In January 1916, Toomer entered the American College of Physical Training in Chicago. Fellow student Meridel Le Sueur, later a famous left-wing poet, would remember Toomer as “reserved, isolated, perceived as an Indian by the rest of the students.” A boxing instructor introduced him to socialism, and he began attending lectures by the famous left-wing lawyer Clarence Darrow and others on naturalism, atheism, and social radicalism. These overturned his prior notions of the world, and he began seeking a comprehensive theory of contemporary reality. He enrolled at the University of Chicago but dropped out after only a few months. Returning East, he took a sociology course at New York University’s summer school, then studied history at City College while he stayed with his uncle Walter. World War I broke out and he went back to Chicago, where he sold Ford automobiles and began writing while reading Bernard Shaw. Then he took a short-term job as a substitute physical education director in Milwaukee. The story “Bona and Paul,” the first of the pieces that would later make up Cane, may well have been drafted at this time.
After returning to Washington with neither a job nor a vocational plan, Toomer once again moved to New York to take a clerk’s post with a grocery firm. He attended lectures at the left-wing Rand School and there met radical writers associated with journals such as The Liberator, where he would soon begin submitting his work, and the New York Call, a voice of the Socialist Party of America, where he placed two pieces, his first appearance in print.
About the same time, influenced by Romain Rolland’s novel Jean-Christophe (which featured a composer-prophet fusing German and French “spiritual” inheritances into pan-European music), he decided to become a composer and took a second job as a physical education director in a settlement house to pay for music lessons and piano rental. He adopted the name “Jean,” inspired by Rolland’s hero and Victor Hugo’s Jean Valjean.
In his later autobiographical manuscripts, Toomer played down the extent of his interest in socialism. His pieces for the Call clearly reveal, however, that he had found in Marxist theory a compelling framework for understanding racial as well as class exploitation. The socialist strain remains evident in references within Cane to “powerful underground races” threatening the foundation of bourgeois Washington. In a letter to his publisher while Cane was in press, Toomer described a new book project about “this whole black and brown world heaving upward against, here and there mixing with the white. The mixture, however, is insufficient to absorb the heaving, hence it but accelerates and fires it. This upward heaving is to be symbolic of the proletariat or world upheaval. And it is likewise to be symbolic of the subconscious penetration of the conscious mind.”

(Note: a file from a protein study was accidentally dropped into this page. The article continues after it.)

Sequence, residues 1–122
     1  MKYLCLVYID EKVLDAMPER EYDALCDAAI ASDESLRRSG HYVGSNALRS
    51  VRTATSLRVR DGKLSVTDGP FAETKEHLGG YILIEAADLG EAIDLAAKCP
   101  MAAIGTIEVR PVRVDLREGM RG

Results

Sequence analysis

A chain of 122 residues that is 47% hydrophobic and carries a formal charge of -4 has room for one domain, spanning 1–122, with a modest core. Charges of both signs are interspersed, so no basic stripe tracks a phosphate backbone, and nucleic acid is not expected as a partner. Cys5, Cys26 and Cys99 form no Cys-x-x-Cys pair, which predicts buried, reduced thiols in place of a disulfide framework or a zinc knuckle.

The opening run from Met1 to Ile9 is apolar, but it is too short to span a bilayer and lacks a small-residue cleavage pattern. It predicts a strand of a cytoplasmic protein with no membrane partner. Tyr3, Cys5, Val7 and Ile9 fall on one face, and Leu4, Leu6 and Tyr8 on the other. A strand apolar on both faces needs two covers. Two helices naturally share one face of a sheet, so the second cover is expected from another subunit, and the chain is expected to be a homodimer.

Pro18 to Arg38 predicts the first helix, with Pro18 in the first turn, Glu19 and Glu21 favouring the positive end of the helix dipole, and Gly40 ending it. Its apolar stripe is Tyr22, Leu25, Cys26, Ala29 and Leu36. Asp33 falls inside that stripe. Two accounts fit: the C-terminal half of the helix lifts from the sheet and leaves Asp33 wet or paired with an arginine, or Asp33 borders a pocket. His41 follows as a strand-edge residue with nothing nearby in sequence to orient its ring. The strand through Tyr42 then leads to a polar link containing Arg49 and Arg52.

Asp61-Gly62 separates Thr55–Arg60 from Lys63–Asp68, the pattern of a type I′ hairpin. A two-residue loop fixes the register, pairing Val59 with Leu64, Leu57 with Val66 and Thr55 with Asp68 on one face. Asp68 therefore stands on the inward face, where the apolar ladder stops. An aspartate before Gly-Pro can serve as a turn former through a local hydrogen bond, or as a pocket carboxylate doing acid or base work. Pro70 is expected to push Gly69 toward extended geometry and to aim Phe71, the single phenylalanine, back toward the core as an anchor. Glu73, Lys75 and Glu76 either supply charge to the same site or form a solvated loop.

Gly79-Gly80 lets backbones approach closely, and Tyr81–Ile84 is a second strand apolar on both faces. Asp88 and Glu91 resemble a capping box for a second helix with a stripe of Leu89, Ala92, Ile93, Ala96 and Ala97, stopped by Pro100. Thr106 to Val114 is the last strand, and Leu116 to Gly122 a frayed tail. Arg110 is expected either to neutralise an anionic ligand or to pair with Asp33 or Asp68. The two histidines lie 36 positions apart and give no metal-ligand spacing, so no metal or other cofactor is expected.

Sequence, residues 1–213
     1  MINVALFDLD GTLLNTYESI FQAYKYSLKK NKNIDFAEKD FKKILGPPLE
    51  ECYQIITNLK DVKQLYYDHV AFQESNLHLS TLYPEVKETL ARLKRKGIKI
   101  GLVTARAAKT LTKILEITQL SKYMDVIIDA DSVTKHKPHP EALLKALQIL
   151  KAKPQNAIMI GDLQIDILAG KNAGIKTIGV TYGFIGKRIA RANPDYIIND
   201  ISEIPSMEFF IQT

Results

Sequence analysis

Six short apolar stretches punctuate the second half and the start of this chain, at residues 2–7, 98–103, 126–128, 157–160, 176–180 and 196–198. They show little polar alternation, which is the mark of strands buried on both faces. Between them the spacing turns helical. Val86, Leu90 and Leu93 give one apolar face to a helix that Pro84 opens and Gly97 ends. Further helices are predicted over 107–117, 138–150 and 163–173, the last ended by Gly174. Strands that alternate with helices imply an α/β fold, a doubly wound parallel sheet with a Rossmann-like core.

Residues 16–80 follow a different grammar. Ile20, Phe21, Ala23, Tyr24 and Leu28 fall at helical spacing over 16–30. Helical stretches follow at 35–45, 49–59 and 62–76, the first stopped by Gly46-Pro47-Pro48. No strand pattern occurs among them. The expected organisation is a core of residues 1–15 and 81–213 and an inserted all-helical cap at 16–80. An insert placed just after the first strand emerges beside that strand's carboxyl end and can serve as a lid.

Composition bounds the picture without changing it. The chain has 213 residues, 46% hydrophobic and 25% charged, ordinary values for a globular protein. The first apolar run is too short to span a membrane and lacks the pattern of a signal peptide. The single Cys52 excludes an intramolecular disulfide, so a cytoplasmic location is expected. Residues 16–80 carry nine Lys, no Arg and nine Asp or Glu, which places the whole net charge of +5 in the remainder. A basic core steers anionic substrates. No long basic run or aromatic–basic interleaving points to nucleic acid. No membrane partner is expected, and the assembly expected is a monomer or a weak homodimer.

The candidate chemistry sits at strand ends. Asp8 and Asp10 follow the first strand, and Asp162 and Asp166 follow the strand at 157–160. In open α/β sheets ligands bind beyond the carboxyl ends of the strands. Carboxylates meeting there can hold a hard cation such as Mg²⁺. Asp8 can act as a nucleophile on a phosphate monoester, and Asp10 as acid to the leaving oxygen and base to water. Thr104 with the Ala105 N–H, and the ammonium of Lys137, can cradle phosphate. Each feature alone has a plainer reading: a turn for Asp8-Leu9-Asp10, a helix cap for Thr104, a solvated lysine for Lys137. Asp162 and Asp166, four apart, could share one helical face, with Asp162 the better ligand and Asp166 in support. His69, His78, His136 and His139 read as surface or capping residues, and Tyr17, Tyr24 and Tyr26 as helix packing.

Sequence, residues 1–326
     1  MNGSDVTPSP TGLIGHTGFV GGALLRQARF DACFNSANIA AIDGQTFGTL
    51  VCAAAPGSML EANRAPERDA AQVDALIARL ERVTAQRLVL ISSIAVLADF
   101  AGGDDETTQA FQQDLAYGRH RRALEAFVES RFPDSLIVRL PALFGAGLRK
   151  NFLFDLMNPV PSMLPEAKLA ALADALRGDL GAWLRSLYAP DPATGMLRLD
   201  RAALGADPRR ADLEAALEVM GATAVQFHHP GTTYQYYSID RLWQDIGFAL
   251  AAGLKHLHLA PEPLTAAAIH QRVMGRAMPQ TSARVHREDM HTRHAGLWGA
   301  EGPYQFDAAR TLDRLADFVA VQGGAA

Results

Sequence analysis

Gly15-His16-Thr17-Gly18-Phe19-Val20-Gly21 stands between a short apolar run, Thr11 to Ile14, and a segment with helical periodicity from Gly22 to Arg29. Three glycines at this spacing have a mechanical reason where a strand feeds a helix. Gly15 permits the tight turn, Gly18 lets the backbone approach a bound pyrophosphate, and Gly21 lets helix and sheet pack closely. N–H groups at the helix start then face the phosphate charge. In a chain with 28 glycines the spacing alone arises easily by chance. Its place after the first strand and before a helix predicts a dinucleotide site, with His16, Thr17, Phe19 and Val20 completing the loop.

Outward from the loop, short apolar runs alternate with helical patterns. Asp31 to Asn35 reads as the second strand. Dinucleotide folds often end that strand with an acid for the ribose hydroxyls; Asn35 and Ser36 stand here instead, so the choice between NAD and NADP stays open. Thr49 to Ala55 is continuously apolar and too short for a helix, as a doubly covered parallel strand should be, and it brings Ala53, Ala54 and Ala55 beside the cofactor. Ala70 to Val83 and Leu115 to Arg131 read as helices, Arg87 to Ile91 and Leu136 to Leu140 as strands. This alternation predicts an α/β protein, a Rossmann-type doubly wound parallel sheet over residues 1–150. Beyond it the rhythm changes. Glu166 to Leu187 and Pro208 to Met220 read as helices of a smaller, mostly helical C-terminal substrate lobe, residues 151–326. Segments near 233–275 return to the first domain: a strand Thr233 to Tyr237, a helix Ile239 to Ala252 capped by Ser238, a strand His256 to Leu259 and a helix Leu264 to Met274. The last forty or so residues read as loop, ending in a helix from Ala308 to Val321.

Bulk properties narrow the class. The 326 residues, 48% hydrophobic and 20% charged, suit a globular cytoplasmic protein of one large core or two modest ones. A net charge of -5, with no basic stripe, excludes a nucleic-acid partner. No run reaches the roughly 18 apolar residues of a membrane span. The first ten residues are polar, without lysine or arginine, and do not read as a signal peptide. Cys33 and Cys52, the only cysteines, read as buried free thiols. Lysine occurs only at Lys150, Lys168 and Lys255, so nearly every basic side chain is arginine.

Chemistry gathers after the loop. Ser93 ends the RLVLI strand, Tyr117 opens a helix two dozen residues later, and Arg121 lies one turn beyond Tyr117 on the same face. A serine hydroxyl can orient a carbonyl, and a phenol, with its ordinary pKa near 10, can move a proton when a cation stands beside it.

Even in the late 1920s, Toomer would write of how existing economic, political, and social systems formed the ground of racial division and exploitation. He turned increasingly to psychological and spiritual exploration, guided in part by a theory about the emergence of a new “American” race, of which he considered himself the first conscious member. Spiritual and psychological transformation, Toomer believed, would be the first step toward social reconstruction. Maybe a radically experimental literature could inspire this step.
Between 1919 and 1929, political conservatism and reaction had driven many left-wing artists to cultural radicalism, psychological and “spiritual” programs to transform society. Waldo Frank, already an important voice on the left, published Our America just as Toomer’s first pieces appeared in the Call, complementing the direction in which Toomer was moving. Believing that “Puritan” and “pioneer” traditions had prevented the emergence of a genuine American culture, Frank argued that the United States had no rooted peasant traditions out of which a national art might develop. Anglo-Americans had never put down roots in the continent, and the cultures of the Indian and Mexican had succumbed to white, industrial civilization. Industrialism and materialism rendered the nation a cultural and spiritual wasteland. Yet Frank believed the “spiritual pioneers” of the rising generation would move beyond naturalism and critical realism to a fusion of the revolutionist and the artist-prophet in the “bringer of a new religion.”